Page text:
If you find yourself asking the question “what is paintball?” or “how to play paintball?”, then you’ve come to the right place. In this article I’m going to explain everything you need to know about the sport of paintball and how it is played.
Now I will admit that paintball isn’t meant for everyone, but if you’re looking for an adrenaline rush then it may just be the right sport for you. If you’re thinking of letting your kid(s) play paintball then don’t worry – we’ve got you covered. Below is all the information you need to know before letting your children embark on their first paintball journey.
What is Paintball?
Paintball is a competitive sport where the goal is to shoot small spherical balls filled with non-toxic paint (paintballs) at your opponent with the hope that one of them breaks upon impact and leaves paint on the their clothes, skin or weapon.
Once a player is hit by a paintball and it covers them in paint then they’re eliminated. Eliminate all of the enemy players or accomplish the objective and your team wins.
In order to shoot these tiny goo-filled paintballs all you have to do is simply pull the trigger on a paintball gun (commonly referred to as a marker). After you pull the trigger the paintball marker utilises a propellant such as Co2 or compressed air to propel the paintball out of the barrel at around 280 to 300 fps.
Be warned though, being hit by a paintball at this velocity could possibly leave a bruise (especially if shot up close). Fortunately for us paintballers, adrenaline is released throughout the body when you play paintball and takes away most of the pain of being shot. Adrenaline is also what happens to make paintball so much fun.
How to Play Paintball
In order to play paintball you only need a paintball gun, a paintball mask, an air tank filled with either Co2 or HPA and most importantly – paintballs. Of course, it’s only possible to play paintball when you have people to play with and a place to play at. This is where your local paintball field comes in.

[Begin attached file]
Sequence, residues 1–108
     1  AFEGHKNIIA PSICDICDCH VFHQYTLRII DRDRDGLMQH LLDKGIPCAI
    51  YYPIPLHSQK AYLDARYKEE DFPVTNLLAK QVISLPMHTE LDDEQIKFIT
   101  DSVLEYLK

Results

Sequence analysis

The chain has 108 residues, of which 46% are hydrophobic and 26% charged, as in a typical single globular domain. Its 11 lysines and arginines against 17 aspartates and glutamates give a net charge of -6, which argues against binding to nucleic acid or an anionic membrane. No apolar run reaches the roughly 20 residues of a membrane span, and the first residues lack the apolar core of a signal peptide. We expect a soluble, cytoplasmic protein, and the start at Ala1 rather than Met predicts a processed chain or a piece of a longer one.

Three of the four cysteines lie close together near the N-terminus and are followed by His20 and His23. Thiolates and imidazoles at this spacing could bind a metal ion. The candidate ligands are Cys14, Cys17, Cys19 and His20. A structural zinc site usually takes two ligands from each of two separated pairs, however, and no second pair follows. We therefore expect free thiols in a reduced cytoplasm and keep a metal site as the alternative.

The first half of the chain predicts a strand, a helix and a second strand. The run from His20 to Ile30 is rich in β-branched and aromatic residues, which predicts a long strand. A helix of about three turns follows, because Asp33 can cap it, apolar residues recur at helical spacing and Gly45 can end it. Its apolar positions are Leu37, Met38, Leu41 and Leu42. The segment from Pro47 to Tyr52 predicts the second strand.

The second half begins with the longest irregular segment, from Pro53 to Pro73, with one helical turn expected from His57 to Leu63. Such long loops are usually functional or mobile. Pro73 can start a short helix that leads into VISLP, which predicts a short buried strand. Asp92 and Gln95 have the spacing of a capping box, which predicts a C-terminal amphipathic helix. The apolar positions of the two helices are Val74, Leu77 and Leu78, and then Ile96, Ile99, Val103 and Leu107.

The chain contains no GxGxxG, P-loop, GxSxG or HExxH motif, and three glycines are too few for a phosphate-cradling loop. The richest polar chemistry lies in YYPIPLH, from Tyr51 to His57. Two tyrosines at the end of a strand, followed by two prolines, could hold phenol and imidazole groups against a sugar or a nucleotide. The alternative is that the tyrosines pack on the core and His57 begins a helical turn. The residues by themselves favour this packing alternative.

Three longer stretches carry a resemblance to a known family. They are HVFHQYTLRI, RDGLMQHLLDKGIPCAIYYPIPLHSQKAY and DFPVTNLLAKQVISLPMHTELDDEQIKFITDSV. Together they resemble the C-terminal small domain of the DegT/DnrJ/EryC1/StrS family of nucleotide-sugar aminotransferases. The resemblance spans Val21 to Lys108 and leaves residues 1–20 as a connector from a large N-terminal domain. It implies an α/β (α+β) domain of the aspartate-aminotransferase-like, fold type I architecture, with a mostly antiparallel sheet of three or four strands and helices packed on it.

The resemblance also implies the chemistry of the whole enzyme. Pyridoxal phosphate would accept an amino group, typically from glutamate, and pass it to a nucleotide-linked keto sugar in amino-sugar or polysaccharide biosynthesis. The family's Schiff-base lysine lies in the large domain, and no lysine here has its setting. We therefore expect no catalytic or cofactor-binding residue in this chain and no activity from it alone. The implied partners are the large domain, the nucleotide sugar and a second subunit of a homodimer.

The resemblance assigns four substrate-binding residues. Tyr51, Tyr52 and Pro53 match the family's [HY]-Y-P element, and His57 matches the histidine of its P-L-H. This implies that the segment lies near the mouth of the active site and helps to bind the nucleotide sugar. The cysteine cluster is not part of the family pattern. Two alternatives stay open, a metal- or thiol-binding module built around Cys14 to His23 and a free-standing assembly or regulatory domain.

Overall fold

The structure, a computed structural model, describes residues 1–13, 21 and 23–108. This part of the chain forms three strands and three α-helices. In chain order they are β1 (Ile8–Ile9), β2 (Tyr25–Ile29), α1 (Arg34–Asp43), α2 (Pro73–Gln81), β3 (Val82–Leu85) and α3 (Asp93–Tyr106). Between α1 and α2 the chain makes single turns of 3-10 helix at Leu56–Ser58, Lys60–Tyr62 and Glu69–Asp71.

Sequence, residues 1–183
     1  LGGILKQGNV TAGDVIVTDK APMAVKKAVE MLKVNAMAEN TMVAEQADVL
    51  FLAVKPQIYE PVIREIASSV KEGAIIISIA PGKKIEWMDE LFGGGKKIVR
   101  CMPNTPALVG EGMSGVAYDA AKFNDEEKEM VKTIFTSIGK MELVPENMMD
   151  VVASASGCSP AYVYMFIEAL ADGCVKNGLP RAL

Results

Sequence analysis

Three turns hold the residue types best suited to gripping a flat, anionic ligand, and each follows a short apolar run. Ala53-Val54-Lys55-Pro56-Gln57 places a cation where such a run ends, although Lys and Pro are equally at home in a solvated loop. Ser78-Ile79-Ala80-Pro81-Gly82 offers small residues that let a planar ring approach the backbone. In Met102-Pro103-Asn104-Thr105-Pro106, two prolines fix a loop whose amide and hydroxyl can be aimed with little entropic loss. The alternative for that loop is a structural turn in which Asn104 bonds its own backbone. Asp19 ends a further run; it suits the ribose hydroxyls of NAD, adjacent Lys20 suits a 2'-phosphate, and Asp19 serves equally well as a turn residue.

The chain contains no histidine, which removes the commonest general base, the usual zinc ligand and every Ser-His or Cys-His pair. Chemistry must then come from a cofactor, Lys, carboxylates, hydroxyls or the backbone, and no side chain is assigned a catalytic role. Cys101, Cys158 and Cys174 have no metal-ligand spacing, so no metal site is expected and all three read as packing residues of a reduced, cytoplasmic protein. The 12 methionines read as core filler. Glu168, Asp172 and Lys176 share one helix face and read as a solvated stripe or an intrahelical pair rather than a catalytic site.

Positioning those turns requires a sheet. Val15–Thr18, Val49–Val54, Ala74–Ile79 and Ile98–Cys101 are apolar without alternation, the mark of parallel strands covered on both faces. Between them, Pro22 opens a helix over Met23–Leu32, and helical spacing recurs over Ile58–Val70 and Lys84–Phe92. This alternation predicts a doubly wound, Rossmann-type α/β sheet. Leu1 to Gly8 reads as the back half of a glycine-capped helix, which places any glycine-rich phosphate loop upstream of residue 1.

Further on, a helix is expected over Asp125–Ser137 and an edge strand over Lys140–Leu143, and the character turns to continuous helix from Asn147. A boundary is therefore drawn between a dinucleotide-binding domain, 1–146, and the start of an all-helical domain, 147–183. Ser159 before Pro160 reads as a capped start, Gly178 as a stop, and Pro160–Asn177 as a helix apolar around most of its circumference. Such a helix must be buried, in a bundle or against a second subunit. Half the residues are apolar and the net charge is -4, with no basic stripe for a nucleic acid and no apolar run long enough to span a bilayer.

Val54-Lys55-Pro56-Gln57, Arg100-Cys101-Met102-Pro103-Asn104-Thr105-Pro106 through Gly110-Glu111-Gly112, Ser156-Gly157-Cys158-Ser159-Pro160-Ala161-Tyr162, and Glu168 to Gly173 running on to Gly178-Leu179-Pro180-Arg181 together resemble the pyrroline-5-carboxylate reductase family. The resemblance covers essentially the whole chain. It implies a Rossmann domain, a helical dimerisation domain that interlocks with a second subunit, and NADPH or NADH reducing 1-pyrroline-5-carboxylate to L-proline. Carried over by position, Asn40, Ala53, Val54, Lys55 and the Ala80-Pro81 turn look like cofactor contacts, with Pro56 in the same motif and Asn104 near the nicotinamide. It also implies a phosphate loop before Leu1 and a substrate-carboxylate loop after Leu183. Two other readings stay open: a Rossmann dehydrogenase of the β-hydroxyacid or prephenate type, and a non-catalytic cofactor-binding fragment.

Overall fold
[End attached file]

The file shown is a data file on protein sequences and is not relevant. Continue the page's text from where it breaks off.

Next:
Now if you don’t have a local paintball field and aren’t willing to drive the distance to the field nearest you, you’ll have to make due with what you have. If you have a large backyard that is safe for paintball (no persons or personal property in range of paintball fire) and is filled with objects for players to hide behind (trees, bushes, etc.) then you’re good to go.
Always ask for permission before playing paintball on private land
The only downside to playing paintball outside of an actual paintball field is that everyone needs their own gear, paint and air in order to play. And if anyone happens to run out of air or has their marker malfunction, the game is over for them if they don’t have backup equipment to use.
However, when playing on a real paintball field you’ll be able to rent all the gear you need to be able to play. And even if you bring your own paintball gear and your marker breaks down on you, you can just rent one for the day and you’re good to go.
Paintball fields also have a chrono area where you can adjust the velocity of your marker using a chronograph. The chronograph is essential for safety as you don’t want players firing their marker over 300 fps and causing unnecessary harm to players.
Paintball Game Variations